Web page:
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C# Using Blocks can Swallow Exceptions | DigitallyCreated

Posted by jpluimers on 2011/09/22

I got to the SafeUsingBlock extension method because of a nice StackOverflow thread on exceptions swallowed in a using block.

Actually, you can broaden the case into a wider scope: in any language when you protect resources in a try finally block (essentially, a using will turn into an implicit try finally block), and both the core logic and the finally throw an exception, the exception from the core block is swallowed.

Simple C# example:

using System;
public class Example
{
    public void Main()
    {
        try
        {
                try
                {
                    throw new ApplicationException("logic block");
                }
                finally
                {
                    throw new ApplicationException("finally block");
                }
        }
        catch (Exception error)
        {
            Console.WriteLine(error.ToString());
        }
    }
}

Simple Delphi example:

program Example;
begin
  try
    try
      raise Exception.Create('logic block');
    finally
      raise Exception.Create('finally block');
    end;
  except
    on error: Exception do
    begin
      Write(error.ClassName, ' ', error.Message);
    end;
  end;
end.

Both examples will only write out the finally block exception message, not the logic block exception message.

This is a corner case (like the example from the MSDN documentation), from which the SafeUsingBlock protects you from by providing an AggregateException class.

In C#, it is a guideline to avoid throwing exceptions in the Dispose when implementing the disposable pattern.

This is good practice in any programming environment: when disposing objects, only throw exceptions in very critical situations when the containing process has been corrupted.

Practically this is very easy as the disposers are very thin and should not contain any business logic, so it is pretty easy to spot places where the program state really is corrupt.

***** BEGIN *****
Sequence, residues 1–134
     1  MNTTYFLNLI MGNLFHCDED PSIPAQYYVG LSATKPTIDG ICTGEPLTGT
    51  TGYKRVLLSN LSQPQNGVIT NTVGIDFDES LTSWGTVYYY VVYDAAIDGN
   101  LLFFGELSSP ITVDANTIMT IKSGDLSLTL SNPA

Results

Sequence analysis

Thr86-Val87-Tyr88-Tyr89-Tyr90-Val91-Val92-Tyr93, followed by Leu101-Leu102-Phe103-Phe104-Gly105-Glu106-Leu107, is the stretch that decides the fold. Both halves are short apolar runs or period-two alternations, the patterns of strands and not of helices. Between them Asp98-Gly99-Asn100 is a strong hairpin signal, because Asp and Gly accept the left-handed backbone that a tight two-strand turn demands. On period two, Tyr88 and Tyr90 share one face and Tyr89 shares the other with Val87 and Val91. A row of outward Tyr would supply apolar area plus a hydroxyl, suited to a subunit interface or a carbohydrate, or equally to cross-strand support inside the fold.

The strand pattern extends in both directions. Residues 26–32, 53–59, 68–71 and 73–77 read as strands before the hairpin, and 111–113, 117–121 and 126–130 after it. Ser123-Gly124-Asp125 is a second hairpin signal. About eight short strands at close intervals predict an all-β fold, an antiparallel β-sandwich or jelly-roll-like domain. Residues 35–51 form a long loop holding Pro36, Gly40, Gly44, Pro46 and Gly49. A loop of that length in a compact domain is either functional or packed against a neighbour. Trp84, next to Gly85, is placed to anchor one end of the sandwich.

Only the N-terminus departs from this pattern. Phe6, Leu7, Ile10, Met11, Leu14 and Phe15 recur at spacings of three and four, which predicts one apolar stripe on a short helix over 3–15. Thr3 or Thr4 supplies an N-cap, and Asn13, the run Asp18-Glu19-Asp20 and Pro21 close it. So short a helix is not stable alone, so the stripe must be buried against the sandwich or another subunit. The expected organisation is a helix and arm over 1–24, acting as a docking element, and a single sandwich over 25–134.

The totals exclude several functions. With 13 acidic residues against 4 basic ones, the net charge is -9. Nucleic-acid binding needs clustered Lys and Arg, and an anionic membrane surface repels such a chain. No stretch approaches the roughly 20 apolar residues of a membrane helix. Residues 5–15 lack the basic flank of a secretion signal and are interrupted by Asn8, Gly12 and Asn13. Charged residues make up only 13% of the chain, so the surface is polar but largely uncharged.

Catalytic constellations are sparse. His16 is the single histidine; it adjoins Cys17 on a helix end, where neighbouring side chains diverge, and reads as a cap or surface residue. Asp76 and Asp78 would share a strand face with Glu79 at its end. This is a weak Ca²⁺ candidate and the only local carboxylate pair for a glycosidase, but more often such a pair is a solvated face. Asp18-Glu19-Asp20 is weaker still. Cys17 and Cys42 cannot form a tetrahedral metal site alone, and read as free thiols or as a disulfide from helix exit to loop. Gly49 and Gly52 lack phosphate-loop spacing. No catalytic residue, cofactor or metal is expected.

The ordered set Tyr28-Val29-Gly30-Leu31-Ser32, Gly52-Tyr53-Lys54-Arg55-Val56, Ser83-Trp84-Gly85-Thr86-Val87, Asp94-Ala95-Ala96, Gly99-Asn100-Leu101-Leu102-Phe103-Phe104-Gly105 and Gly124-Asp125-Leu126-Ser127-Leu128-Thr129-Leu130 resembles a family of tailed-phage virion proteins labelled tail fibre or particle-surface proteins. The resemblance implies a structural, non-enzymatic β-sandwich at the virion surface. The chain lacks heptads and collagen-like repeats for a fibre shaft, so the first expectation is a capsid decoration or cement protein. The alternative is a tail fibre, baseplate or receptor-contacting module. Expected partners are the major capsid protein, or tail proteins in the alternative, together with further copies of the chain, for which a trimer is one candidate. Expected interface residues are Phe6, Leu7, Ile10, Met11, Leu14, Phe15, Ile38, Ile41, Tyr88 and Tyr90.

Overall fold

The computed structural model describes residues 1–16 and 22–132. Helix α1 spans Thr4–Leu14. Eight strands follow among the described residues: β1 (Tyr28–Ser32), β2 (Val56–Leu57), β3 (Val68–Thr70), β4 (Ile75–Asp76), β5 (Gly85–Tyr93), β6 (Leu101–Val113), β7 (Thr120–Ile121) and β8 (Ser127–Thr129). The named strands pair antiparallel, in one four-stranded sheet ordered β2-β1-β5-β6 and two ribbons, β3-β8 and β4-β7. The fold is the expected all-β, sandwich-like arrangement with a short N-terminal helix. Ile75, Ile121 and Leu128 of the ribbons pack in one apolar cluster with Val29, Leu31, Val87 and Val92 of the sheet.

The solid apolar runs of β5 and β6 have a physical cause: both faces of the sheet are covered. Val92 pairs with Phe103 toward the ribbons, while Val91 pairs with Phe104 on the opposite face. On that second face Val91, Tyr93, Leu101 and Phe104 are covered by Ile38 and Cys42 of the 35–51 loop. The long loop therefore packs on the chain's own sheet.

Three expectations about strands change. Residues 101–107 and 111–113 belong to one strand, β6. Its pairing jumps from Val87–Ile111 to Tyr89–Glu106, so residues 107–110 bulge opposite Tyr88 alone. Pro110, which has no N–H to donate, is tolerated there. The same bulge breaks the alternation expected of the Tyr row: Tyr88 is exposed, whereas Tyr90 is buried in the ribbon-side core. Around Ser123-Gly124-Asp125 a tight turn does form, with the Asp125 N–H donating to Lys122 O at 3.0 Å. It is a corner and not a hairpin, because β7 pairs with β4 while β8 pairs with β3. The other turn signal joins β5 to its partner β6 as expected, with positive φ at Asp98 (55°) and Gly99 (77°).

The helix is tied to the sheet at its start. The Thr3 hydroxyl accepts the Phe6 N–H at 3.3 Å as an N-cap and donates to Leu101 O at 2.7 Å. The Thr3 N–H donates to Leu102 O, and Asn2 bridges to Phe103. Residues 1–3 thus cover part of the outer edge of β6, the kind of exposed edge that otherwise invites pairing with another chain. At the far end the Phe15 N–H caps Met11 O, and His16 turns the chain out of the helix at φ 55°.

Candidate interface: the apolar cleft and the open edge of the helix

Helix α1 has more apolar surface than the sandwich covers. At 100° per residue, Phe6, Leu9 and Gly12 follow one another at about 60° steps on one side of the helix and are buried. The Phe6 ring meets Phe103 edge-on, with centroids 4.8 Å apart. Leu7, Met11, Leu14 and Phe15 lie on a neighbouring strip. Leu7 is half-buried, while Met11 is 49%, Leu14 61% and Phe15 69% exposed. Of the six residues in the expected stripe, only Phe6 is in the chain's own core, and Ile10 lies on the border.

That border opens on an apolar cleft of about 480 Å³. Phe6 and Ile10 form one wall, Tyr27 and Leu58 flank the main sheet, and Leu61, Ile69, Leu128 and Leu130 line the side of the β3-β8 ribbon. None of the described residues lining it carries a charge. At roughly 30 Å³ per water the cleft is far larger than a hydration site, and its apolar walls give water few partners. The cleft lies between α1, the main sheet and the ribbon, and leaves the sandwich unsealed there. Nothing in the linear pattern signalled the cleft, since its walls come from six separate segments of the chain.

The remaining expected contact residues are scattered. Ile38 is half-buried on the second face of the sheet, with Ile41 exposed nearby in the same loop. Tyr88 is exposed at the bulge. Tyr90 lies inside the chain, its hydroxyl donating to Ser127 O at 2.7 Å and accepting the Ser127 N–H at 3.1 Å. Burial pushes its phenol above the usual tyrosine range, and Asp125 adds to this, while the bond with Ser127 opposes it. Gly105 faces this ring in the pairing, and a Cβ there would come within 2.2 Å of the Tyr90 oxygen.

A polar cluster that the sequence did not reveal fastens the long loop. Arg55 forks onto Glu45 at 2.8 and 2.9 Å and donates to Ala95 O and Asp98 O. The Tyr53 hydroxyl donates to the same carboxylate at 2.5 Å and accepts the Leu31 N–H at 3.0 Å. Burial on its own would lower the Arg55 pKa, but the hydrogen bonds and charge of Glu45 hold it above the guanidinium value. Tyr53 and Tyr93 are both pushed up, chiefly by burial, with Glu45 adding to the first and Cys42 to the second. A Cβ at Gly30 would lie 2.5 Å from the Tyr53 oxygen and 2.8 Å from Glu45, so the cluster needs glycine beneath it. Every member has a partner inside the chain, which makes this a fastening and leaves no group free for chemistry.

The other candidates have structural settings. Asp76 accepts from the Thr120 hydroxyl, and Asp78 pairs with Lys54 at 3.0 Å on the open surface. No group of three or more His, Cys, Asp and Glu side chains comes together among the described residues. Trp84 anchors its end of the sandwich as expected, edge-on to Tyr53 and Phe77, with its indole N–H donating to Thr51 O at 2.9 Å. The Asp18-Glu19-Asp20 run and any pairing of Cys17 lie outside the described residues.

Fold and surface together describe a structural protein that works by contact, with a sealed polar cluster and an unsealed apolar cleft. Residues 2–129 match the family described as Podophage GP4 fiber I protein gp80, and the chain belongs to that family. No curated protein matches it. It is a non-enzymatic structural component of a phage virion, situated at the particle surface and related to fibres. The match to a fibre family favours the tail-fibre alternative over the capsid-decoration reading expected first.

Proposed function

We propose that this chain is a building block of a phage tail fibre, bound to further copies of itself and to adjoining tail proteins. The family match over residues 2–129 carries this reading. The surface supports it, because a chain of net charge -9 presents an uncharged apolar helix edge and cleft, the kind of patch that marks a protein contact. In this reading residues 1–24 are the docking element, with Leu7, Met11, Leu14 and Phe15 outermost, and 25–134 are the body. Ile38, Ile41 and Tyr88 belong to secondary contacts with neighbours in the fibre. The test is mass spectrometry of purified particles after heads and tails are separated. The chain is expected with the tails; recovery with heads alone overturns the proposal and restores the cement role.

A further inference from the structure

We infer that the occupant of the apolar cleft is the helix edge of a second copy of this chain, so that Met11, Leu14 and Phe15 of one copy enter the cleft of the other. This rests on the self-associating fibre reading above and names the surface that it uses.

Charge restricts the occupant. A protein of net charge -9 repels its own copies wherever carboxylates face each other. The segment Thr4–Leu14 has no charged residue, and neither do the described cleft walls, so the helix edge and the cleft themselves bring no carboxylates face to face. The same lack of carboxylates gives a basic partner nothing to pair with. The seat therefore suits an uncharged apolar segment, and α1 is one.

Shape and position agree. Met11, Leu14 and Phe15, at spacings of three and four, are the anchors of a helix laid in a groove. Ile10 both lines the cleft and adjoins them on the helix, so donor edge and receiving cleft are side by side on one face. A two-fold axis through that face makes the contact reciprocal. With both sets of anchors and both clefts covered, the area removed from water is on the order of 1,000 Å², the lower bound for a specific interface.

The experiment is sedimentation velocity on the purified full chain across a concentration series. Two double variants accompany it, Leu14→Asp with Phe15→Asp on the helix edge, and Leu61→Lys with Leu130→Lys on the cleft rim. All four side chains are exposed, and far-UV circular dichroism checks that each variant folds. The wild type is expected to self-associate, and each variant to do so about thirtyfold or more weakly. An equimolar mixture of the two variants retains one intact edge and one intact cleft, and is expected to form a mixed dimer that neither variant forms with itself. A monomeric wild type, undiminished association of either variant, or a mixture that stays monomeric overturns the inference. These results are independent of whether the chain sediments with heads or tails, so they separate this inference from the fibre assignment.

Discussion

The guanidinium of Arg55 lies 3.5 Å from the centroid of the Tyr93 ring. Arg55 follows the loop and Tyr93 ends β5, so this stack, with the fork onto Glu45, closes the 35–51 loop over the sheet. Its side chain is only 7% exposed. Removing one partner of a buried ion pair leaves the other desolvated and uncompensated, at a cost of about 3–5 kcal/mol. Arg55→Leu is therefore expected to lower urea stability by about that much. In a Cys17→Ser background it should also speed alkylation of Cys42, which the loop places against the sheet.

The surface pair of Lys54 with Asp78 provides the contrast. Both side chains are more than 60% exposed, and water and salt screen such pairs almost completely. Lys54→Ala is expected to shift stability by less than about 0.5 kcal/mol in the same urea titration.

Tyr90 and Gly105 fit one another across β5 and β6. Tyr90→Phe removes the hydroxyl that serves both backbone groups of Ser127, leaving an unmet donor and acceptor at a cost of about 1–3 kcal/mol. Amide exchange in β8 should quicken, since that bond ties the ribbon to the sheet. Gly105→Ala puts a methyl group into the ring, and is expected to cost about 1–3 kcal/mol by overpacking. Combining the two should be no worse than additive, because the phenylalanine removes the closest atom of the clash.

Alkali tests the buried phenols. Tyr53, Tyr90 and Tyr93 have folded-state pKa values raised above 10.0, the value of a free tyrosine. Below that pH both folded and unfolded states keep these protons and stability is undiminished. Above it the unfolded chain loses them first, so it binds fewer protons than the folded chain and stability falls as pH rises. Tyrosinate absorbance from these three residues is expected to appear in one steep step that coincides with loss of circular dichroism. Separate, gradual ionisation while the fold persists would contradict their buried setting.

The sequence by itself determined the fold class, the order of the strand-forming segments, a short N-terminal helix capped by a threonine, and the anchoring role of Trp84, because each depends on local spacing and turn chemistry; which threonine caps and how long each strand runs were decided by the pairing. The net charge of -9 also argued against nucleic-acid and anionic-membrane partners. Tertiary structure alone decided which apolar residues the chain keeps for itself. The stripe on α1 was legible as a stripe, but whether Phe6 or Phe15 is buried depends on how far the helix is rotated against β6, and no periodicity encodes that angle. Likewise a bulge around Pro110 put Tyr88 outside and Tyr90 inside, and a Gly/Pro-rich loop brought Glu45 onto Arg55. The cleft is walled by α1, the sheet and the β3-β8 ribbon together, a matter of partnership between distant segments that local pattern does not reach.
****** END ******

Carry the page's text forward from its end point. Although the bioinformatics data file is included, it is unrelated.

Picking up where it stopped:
An other alternative is for instance have a Close method that throws an exception, and a disposer not throwing.

–jeroen

via C# Using Blocks can Swallow Exceptions | DigitallyCreated.

7 Responses to “C# Using Blocks can Swallow Exceptions | DigitallyCreated”

  1. Isn’t this a case of worrying about the wrong problem?

    If your “finally” is so complex that it might raise a _legitimate_ exception of concern then you should be paying more attention to your exception handling in that case anyway. Almost by definition your code goes beyond the expected usage pattern for try..finally.

    Most “finally” blocks are so simple (free’ing previously created objects, closing handles etc) that if you get an exception in that block then whatever the problem is likely to be far more important than any other exception that might have been raised in the “logic” block. So whilst hiding it may be a technical nuisance, knowing about it doesn’t actually help you very much either.

    And again, if the fact that the original exception has become “hidden” by the later exception then the real problem is the way you are handling your exceptions, not the (defined and documented) behaviour of the tools at your disposal for implementing that handling.

    imho. ymmv. :)

    • jpluimers said

      The main reason I posted this is that a while ago, a finally go would raise an exception caused by the try block malforming the resource and (correctly!) throwing an exception when it detected it had. Because I was so focused on the wrong exception (the exception from the try block was hidden by the one from the finally block), it took me a while to find the actual cause.
      I forgot the exact solution, but it came down to the opposite of your conclusion: in my case the try block was too complex.
      As with many of my blog posts: they are just write downs of things I should remember from the past, but probably won’t :)

      • Yes, sorry it wasn’t perhaps clear that my “worrying about the wrong problem” observation was directed more at the comments that were seemed to be intent on finding a mechanism for preserving nested exceptions than at the original post.

        :)

  2. Alex said

    “throw new” – that’s a weird Delphi syntax ;)

    Anyway, you can do

    try
    try
    Exception.RaiseOuterException(Exception.Create(‘logic block’));
    finally
    Exception.RaiseOuterException(Exception.Create(‘finally block’));
    end;
    except
    on error: Exception do
    begin
    Write(error.ClassName, ‘ ‘, error.ToString);
    end;
    end;

    Or you can setup RTL to auto-capture nested exceptions.

  3. You can go broader still: Any time a new exception is thrown, it will obliterate any previous exception in progress. This applies to finally blocks as well as catch blocks. The “current exception” also exists in a catch block, since it can be rethrown with the statement “throw;” The “current exception” is a global variable within a thread (thread local variable). Only one exception at a time can sit in a thread’s current exception slot.

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